A 6.0 earthquake shook Napa County early Sunday morning, injuring over 170 people in Napa Valley, rupturing gas and water lines, and damaging historic buildings in Napa and roads on Highway 37 and State Routes 12 and 121. USF’s Department of Public Safety reported that there were no injuries or damage on campus.
Whereas most Bay Area natives have previously experienced an earthquake and were not too shaken up by the experience, some USF students experienced their first earthquake this weekend.
“It was scary,” said Tanvi Chauhan, a first year graduate student, “By the time we realized, oh my god it’s an earthquake, and that we should run out and get the safety and emergency things, it was over.”
“When I was sleeping, I thought that someone was dancing because the bed was shaking. The whole building was shaking,” said Huimin Wang, ’17, Fromm resident. “It wasn’t until I went into the hall and heard someone say that it was an earthquake that I realized what it was.”
On Sunday morning, USF’s Department of Public Safety called, texted, and emailed students about the earthquake. After a thorough search of all the buildings, the Department of Public Safety determined that there was no obvious damage and that there were no reports of injuries.
The earthquake, which was centered in American Canyon, was the strongest earthquake in Northern California since the 6.9 Loma Prieta earthquake in 1989, according to CBS Sacramento. It was at a depth of six miles and occurred at 3:20 am while many people were sleeping. Aftershocks of a significantly lesser strength occurred after the earthquake.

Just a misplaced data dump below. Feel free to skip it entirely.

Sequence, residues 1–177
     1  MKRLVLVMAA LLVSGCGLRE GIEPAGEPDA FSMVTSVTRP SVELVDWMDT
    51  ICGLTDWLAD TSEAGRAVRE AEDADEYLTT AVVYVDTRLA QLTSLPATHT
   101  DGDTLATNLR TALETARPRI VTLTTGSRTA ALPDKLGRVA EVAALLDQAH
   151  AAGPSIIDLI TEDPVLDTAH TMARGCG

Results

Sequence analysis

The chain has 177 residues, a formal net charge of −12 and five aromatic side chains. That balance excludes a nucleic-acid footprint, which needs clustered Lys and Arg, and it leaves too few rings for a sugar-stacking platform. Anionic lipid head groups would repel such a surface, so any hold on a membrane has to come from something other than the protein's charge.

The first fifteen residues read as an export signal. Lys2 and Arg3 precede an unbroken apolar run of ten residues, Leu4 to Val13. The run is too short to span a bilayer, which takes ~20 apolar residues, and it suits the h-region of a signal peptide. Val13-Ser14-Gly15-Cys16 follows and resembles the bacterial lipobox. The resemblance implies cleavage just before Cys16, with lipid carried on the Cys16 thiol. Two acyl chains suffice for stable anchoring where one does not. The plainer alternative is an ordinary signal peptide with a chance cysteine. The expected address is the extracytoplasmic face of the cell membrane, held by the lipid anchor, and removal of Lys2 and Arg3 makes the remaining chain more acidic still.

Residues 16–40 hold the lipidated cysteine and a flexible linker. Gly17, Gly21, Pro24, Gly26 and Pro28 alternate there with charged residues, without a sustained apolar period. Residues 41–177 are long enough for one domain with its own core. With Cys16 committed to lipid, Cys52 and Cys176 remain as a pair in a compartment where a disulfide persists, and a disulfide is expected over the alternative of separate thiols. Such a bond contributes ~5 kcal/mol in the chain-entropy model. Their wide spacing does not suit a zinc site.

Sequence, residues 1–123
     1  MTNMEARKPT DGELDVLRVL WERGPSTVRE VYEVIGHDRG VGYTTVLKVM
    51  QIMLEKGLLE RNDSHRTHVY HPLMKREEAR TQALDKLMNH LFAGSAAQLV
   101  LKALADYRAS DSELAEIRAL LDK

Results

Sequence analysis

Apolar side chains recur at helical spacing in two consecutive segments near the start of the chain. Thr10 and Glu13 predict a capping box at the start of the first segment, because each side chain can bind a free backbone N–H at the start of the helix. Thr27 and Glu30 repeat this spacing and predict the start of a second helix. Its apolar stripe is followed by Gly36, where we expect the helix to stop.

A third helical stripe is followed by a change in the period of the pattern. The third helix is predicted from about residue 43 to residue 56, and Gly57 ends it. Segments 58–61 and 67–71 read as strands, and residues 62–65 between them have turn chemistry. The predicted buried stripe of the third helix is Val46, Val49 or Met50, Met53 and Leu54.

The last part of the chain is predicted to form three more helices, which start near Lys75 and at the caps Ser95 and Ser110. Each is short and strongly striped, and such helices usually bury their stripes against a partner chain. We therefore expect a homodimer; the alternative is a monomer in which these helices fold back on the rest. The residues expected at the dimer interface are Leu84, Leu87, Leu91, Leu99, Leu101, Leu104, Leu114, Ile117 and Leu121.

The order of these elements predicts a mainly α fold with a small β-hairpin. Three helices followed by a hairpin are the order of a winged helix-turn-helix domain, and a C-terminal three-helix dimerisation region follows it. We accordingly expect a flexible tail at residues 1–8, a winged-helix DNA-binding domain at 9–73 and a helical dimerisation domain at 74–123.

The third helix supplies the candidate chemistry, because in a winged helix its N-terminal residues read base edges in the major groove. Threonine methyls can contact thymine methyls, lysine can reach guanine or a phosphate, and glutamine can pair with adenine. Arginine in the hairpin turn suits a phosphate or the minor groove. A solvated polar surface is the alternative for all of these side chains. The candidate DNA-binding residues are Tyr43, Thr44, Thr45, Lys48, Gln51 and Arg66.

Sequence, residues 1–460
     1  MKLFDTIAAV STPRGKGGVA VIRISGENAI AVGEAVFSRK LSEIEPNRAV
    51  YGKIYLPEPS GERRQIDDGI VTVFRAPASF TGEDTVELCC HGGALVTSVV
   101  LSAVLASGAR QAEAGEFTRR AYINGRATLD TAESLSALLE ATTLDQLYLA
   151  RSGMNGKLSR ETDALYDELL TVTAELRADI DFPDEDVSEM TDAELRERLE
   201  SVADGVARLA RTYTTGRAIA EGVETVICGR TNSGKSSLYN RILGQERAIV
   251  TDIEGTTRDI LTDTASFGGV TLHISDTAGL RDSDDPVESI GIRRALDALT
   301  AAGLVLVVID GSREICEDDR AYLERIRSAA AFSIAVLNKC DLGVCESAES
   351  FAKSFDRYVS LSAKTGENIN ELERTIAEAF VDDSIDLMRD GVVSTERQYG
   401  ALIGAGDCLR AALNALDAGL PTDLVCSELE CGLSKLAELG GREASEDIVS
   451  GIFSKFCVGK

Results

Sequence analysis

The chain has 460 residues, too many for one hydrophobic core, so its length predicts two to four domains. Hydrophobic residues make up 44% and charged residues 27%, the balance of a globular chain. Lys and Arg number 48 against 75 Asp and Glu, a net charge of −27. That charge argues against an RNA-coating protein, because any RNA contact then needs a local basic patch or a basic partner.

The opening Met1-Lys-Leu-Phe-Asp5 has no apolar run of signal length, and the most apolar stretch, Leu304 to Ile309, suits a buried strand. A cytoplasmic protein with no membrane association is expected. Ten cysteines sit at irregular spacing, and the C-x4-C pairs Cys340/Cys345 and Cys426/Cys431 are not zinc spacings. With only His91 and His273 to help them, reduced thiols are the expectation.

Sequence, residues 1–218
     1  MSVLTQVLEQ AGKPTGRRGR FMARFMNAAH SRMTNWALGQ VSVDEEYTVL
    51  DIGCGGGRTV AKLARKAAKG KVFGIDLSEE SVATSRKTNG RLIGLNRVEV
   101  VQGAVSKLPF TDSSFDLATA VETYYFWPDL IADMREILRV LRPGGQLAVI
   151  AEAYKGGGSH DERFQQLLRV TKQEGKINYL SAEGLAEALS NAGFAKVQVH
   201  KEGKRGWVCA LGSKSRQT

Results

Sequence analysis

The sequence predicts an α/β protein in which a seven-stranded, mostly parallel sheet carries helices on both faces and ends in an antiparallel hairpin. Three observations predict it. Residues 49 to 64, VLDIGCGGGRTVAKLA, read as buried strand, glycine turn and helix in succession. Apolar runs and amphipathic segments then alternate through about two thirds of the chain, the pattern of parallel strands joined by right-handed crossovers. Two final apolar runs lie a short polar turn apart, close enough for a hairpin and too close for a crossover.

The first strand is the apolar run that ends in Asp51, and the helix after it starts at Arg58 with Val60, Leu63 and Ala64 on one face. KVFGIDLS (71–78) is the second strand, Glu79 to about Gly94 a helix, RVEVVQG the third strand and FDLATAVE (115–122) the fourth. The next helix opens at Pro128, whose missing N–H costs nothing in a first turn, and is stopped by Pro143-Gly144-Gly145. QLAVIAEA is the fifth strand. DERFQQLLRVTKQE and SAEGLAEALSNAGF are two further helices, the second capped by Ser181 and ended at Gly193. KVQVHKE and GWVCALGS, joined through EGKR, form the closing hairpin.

In Napa, the library and historic Chinese laundry business suffered significant damage, as did the courthouse. Debris and glass lined the sidewalks of downtown Napa on Sunday. San Francisco, among other Bay Area locations, was fortunate enough to not suffer any damages.
“It was stronger than others I felt,” said Luigi Pulido, ’17. “I was home for the weekend, but my roommate in Phelan said that he felt it and just waited in the room for it to pass before checking the halls right after. He’s from Sacramento so he’s felt them before.”
Other USF students also felt the earthquake.
“Well, I was sleeping, and my [brother] and I both share a room. We both actually woke up right before the earthquake and when we felt it we were both very shaken. We continually asked each other if we were alright during the earthquake and we could hear our parents upstairs walking around checking if everything was alright,” reported Aaron Lee, ’18, who lives off campus.
Many students, however, did not feel the earthquake at all.
“I actually didn’t feel it and slept right through it,” said Kelli Hughes, ’17, a LoMo resident. “I only found out about it because my family texted me and wanted to see if I was okay.”
Julia Pynes, ’17, a LoMo resident, also slept through the earthquake, but said that her friend who also lives on the sixth floor of LoMo “woke up and could see the walls shaking.”
“I heard other people say that they were woken up by the earthquake and their doorway and beds started shaking. Other than that there were no evacuations because it did happen so early and I never even woke up,” said Christine Coughlan, ’17, a LoMo resident.